You need to try your best

I am going to write about something that happened to me while teaching a class recently at our Thorndale location. We had a student flat-out refuse to do a drill & also refuse to ki-hap. I had this person sit out of class when the drill was refused & asked the student to return when ready.

In case you are wondering, the drill was a mere partner stretch. The student refused because the drill was “awkward” & initially asked to tell me this in private. So, I had this student sit out the drill & return when composure & focus had been regained.

Later in the class, we began working on only ki-haps. Students individually were performing ki-haps so that we could assess each student. Often in class, when the entire class is supposed to be performing ki-haps together, a student who has a weak or non-existent ki-hap can slip by. This student refused to do a ki-hap in isolation. This is a student who has a weak or non-existent ki-hap. I responded to this by moving on to other students & not engaging with the student for the rest of the drill. I did not want the scene of having the student sit out again.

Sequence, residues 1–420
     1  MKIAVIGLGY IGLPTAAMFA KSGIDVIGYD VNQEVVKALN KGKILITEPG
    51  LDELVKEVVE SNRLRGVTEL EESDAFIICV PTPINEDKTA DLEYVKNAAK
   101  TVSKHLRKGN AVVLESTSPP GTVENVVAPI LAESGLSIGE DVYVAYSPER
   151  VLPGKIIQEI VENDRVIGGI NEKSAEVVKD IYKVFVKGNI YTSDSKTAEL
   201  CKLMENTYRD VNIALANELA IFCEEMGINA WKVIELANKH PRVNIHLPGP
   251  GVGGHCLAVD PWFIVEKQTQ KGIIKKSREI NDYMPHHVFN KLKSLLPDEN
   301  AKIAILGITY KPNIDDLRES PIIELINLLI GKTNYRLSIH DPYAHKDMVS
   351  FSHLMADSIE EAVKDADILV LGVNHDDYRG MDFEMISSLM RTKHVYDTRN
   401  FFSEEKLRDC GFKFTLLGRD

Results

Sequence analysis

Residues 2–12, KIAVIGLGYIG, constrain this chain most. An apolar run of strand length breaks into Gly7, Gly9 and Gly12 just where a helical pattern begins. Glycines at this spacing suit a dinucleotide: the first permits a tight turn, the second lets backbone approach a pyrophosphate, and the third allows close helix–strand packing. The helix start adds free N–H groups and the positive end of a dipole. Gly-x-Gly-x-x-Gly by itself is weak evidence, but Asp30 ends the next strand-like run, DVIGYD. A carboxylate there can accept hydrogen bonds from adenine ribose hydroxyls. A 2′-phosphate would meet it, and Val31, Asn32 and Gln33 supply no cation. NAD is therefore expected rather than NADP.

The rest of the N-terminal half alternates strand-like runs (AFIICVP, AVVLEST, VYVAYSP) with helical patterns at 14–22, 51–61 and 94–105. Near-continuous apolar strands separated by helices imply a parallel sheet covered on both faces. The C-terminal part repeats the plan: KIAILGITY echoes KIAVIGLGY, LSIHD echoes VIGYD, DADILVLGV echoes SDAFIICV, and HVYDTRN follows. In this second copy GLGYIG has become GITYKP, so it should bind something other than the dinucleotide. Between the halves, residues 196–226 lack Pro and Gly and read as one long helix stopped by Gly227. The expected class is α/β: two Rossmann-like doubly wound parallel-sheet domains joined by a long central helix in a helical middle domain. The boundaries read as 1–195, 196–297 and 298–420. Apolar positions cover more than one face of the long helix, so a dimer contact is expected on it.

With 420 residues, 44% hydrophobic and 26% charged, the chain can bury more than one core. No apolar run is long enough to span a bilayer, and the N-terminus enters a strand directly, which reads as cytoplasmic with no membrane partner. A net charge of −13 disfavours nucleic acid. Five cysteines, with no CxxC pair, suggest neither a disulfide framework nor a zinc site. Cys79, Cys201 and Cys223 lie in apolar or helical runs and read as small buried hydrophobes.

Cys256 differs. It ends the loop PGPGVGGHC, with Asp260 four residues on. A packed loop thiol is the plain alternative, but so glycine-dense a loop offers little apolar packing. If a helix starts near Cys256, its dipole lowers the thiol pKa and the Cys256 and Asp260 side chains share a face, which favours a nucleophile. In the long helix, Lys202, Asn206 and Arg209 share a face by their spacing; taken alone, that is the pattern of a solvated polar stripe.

Needless to say, this is not something that we as instructors deal with very often. I decided to allow the student to return, but to be honest, I was a bit torn. I am not sure about what sort of message it sent to the other students in class that a student could sit out a drill simply because that student did not want to participate, & then come back into class when we are doing something more fun.

Karate is fun, to be sure. If class isn’t fun, then we are not doing a good job running class. However, karate is about hard-work, character, & growing. The only way to grow is to leave your comfort zone, and sometimes this can be scary or “awkward”.

The Little Ninjas class, because of the age range, gets a pass on this, but once we get to the regular kids class, we may give a pass once. Personally, I am not inclined to use this approach again in this particular class. I think I will make it an opportunity for an on-the-spot life lesson about self-discipline & confidence. If that student still needs to leave class, then I’m not sure that student will get to return simply for the fun parts of class. That student can watch class & consider the consequences of choices.

Guess what? You have to try your best. If you work hard, you’ll get to play hard, but you have to put in the work!

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